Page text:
Saturday, July 23, 2011

Sheep and Wolves

“Enter ye in at the strait gate… Beware of false Prophets…
Whosoever heareth these sayings of mine,
and doeth them, I will liken him unto a wise man…
the people were astonished at his doctrine” (Matt. 7:13-28).

The entire Sermon on the Mount is addressed to believers and presupposes faith in Jesus as the Messiah. However, in Matthew chapter 7 the Sermon on the Mount presents two choices in a series of two contrasts:
  • Two ways (vv. 13-14);
  • Two Professions (vv. 21-23);
  • Two trees (vv. 15-20); and
  • Two Foundations (vv. 24-29).
To enter in at the “Strait Gate” means that one should go through the “Narrow Gate” in order to reach the path that leads to eternal life. The gate that leads to life is narrow, that only a few will ever find it. While in contrast the “Broad Way” accommodates the crowd but it ends in eternal separation from God. The Bible teaches that Jesus himself is both the Gate and the Way that leads to everlasting life (Matt. 7:14) and we must seek for it in order to find it.

Another contrast in this passage was presented in the form of a warning to beware of “False Prophets” whose ambition is obviously to lead people astray by their teaching and pronouncements. False prophets appear in sheep’s clothing, but are in reality ravening wolves whose intent is to destroy the sheep (Matt. 7:15).

This is a perfect description of some believers today who are styled as Prophets, Apostles or preachers who have denied the faith or distorted the truth of God’s word because of their desire for fame, and fortune; they exploit the church to satisfy their own ends.

Yes, they dress like sheep, but they act like wolves. The Bible tells us to identify them by their “Fruits” (v 16). The prediction of a “True Prophet” of the Lord does come to pass (Num. 12:6). A true test of a prophet, however was the conformity of his teachings to the Scriptures (1Cor. 14:37; Deut. 13:1-5). Their fruits refer not only to actions of their lives, but also to the doctrines they teach.

The two trees are contrasted in relation to the fruit they produced. Every “Good Tree” brings forth fruit consistently, while a “Corrupt Tree” brings forth evil fruit continually. Therefore, the normal and consistent production of fruit whether good or evil in a person’s life will bear evidence whether or not that life is of God. The unfruitful life of the ungenerated that is cast into the fire is a picture of eternal punishment in hell.

In the last day many will present their case to Jesus and say,
  • Have we not prophesied in thy name?
  • And in thy name have cast out devils?
  • And in thy name done many wonderful works?
But Jesus will say “I never knew you, depart from me, ye workers of iniquity" (Matt. 7: 22-23). Sadly, not everyone professing Christ is genuinely saved. Even the outward verbal acknowledgement of His Lordship is in itself not enough to save the unbeliever apart from true repentance and faith. A genuinely saved person is one that “does the will of my father,” Jesus said.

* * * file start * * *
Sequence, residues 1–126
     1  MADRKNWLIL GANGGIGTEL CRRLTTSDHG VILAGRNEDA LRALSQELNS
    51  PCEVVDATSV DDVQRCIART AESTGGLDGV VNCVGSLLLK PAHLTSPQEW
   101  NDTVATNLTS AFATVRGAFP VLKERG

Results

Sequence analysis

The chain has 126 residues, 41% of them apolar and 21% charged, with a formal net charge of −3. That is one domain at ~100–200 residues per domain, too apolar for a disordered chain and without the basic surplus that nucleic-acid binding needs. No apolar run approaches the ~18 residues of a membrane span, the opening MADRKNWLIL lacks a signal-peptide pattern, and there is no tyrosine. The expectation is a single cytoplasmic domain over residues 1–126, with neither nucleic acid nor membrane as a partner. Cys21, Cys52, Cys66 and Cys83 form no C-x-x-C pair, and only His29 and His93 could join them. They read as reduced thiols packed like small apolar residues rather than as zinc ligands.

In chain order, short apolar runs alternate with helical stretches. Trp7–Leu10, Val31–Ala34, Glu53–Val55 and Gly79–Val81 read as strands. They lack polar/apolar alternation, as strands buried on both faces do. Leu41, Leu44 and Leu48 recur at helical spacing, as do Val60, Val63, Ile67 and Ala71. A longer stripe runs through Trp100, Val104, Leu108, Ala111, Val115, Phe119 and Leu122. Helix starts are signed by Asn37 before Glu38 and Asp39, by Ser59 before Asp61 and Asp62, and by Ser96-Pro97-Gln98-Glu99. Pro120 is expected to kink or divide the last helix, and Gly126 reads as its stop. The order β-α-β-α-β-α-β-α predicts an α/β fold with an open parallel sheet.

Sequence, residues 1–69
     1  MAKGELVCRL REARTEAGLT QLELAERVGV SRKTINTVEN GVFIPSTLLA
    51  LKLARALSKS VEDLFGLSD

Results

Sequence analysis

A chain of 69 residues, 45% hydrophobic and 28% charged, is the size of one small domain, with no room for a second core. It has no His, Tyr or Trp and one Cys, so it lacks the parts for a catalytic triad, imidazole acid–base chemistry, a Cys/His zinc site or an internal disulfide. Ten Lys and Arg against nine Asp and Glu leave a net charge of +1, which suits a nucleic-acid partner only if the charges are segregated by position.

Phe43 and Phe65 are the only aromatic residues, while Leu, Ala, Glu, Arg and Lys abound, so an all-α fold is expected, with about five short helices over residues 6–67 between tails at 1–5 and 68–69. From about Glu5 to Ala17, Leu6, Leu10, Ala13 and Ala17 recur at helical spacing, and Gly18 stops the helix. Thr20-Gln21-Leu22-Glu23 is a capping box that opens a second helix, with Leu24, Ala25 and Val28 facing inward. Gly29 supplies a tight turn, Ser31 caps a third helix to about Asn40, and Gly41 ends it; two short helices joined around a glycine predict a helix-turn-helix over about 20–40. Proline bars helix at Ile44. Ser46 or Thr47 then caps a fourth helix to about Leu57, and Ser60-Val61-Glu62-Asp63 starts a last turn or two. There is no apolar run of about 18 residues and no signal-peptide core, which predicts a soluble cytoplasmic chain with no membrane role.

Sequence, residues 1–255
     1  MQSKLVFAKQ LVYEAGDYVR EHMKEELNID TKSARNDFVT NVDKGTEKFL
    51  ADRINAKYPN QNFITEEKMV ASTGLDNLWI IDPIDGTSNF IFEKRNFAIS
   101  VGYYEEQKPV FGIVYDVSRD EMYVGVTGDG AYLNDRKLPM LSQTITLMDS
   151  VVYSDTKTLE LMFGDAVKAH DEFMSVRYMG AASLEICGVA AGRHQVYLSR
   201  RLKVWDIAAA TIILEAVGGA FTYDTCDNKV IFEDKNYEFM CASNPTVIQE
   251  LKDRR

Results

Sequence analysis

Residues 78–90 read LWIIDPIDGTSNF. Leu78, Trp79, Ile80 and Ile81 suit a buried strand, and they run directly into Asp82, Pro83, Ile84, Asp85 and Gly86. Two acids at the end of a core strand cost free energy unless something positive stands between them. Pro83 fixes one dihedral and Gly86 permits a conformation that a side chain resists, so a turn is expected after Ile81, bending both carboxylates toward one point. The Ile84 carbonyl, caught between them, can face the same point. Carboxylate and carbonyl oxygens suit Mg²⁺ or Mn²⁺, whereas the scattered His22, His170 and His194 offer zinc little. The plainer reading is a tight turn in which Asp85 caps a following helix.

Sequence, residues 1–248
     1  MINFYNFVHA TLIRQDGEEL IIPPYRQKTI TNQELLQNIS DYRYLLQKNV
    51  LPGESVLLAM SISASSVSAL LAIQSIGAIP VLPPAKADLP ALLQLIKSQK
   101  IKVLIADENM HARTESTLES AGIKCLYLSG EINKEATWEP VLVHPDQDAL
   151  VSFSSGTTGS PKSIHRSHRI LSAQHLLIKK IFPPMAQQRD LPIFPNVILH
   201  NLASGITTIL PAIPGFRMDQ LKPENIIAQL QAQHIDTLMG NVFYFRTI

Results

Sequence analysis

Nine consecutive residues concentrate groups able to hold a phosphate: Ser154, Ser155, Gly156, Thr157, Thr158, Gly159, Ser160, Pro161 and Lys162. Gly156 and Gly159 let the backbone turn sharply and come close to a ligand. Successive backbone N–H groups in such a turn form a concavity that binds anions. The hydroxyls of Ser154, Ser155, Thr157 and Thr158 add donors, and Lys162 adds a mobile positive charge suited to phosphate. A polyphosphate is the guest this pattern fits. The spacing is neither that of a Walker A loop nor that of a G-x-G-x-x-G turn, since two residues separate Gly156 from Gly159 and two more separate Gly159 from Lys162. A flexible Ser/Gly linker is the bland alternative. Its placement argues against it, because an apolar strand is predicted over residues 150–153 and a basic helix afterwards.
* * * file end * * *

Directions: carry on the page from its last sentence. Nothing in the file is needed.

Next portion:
In Matthew 7:24-27 Jesus concluded His Sermon with an illustration of “Two Foundations.” He stated that all who hear and do His sayings shall be saved. As a great master counselor, Jesus emphasized the fact that listening to his messages alone will not change their lives; they must both hear and do what He said. Jesus draws his illustration from nature itself as an object lesson:
  • The Rock
  • The Rain
  • The Winds,
to teach the importance of total reliance on Him (1Cor. 3:11):

The man whose house collapsed was at fault, not because he failed to labor, but because he did not lay the proper foundation. The “Shifting Sand” represents human opinion and the doctrine of men as opposed to “these Sayings” (v. 28).

The works done by the believer is not based on himself but on the “Rock” (v.24), who ultimately is Christ Himself (1Cor. 10:14). He is the personal embodiment of all His teachings. Thus when He was finished the people were astonished.

Therefore, what does God expect of His children? The Prophet Micah gives us a clear answer to this question: “He hath shewed the, O man, what is good; and what does the Lord require of thee, but to do justly, and to love mercy, and to walk humbly with thy God? (Micah 6:8). Faith in God’s word enables us to comply with these expectations of our heavenly Father, and when we do so, we will be sure to please Him in all respect.

Therefore, my brothers and sisters don't let anyone move you off the foundation of your faith. Always excel in the work you do for the Lord because the hard work you do for the Lord is not pointless. At the Lord’s return He will say to you, “Well done, thou good and faithful servant: thou hast been faithful over a few things, I will make thee ruler over many things: enter thou into the joy of thy lord” (Matt. 25:21). May the grace and peace of God abide with you (1Cor. 1:3).


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